Are you guys going out less in your 30s? And are you happy about it? Or do you feel like you’re missing out?

Or are you out partying right this second and way too drunk to even read this post? It is Friday night, after all.

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Last year I actually did go to a party on New Years Eve with some coworkers in Indianapolis (we traveled there for work). After working all day, it ended up being lot of fun after all. For sure, staying in isn’t always the best answer 😉

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Sending Hundreds of Invites to Your 30th Birthday

There’s this NY Times article that both normalizes the 30th birthday and simultaneously makes it a lot more intimidating.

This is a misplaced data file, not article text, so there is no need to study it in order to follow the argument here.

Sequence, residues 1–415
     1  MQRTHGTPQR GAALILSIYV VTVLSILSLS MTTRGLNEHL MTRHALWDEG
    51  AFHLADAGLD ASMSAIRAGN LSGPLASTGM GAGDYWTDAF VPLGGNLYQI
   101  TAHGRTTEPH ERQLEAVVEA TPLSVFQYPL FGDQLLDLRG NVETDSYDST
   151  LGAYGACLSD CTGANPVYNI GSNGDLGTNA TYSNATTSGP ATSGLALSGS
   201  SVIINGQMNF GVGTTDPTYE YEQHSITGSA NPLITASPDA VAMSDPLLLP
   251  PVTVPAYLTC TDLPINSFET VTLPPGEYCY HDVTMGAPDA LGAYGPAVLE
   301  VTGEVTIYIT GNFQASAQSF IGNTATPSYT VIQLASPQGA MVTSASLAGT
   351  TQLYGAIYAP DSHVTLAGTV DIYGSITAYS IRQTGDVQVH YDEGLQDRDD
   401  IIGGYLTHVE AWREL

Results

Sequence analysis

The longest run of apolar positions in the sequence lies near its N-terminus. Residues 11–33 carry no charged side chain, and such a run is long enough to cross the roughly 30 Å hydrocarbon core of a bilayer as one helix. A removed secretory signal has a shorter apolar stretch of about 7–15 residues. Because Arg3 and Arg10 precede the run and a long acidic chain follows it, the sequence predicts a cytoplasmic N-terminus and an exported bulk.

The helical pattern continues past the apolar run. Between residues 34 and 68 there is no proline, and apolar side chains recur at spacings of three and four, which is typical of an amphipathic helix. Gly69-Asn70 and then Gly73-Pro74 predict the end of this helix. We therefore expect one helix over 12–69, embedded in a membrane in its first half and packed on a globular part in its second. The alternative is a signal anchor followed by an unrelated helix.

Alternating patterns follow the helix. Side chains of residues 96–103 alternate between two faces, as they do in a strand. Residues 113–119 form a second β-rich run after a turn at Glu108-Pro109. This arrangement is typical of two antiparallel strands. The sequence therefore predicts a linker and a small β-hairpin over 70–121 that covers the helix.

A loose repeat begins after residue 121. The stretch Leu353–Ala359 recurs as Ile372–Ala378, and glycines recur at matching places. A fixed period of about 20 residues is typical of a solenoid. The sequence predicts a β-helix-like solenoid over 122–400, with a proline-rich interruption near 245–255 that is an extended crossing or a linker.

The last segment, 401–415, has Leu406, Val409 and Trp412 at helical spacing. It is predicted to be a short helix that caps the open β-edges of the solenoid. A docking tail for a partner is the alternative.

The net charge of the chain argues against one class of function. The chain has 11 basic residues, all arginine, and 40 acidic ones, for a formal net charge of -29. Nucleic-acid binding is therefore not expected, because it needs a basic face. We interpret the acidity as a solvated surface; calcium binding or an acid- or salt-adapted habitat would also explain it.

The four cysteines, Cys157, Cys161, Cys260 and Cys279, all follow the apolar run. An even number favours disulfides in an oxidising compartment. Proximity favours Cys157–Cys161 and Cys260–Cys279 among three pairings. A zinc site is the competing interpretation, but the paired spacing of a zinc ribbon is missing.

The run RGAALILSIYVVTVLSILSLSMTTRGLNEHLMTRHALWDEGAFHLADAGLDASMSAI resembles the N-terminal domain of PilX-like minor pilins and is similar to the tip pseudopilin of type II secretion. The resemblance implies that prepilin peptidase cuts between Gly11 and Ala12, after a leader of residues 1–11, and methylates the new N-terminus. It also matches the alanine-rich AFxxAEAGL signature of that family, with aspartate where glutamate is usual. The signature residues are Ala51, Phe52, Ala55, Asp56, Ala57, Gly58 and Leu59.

The writer starts by letting us know that the 30th birthday has now become an occasion to celebrate, complete with champagne and festivities. There’s no more need to be embarrassed or to hide from this landmark birthday. Great news! The 30th has become a cool rite of passage-  the contemporary sweet 16.

Then the article takes a strange turn and inflates the birthday party to epic proportions, with celebrations so huge that entire Facebook friend lists are invited from different stages of life (the piece is from 2003, so FB isn’t referenced…but 600+ people were invited to these birthday parties using some means of communication…and I’m impressed this was done without Facebook, actually). For some of the parties, there are invitees from the “life stage”s of age 0-6, 6-18, College, Post-College, and Work. These behemoth blowouts strike me as more overwhelming than the 30th birthday itself.